In the 6th century before the Era of Christianity, Ancient Greece was flourishing and the Roman Republic, which would turn into the Roman Empire, was in its beginnings. In the meantime, at the other side of the Mediterranean Sea, where Morocco is now situated, there lived the Berber Tribes. Mauretania, at the time, was one of those tribes.
Atlas was a member of the Mauretania tribe. Legend says he became a great King, expert in philosophy, mathematics, and astronomy, and inventor of the celestial sphere. Although there are no official records of his existence, his importance and impact were so significant that his deeds became larger than himself. For example, the Atlas Mountains, a set of mountain ranges in that region, the Atlantic Ocean, and even the lost city of Atlantis were all named after him.
Years went by, his legend grew stronger, and “Atlas” became a member of the Greek mythology, which turned him into a member of the Titan family, a family of gods who went to war with the Olympians (gods), and lost. As Titans were defeated, they were punished. Atlas’ punishment was to hold the celestial spheres on his shoulders for all eternity. Maybe he still is.
Fast forward to the 16th century, during the Age of Discoveries. Several countries were busy in exploring the world in different directions and with different purposes. Such an activity needed new tools for navigation and expeditions, which were developed by geographers, like Gerardus Mercator. For example, the world map that we all know and love was created by him, hence the “Mercator projection”. Nowadays there are other projections, which are deemed more accurate, but the design of Mercator remains the most popular.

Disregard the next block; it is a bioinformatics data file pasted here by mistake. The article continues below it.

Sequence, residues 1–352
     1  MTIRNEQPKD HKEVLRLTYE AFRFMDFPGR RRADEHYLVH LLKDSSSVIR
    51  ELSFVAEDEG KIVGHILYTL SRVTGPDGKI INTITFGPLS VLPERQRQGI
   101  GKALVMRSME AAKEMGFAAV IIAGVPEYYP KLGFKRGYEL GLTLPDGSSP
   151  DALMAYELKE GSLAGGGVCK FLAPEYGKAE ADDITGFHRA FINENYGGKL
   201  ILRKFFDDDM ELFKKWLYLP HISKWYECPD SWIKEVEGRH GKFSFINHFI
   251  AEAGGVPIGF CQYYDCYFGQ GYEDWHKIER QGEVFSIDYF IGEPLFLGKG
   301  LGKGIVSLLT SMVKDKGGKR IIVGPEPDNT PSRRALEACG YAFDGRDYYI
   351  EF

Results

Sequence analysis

Another Mercator’s work was the “Atlas Sive Cosmographicae Meditationes de Fabrica Mundi et Fabricati Figura” (“Atlas or cosmographical meditations upon the creation of the universe and the universe as created”). This was the first Atlas, that is, a collection of maps (although, in truth, an Atlas can be much more comprehensive). Some people think that the name “Atlas” came from the Titan God, but it wasn’t. In truth, it was named after the Mauritanian King, who Mercator considered the first geographer. Therefore, Atlas, the collection of maps, was a tribute from a geographical pioneer to another.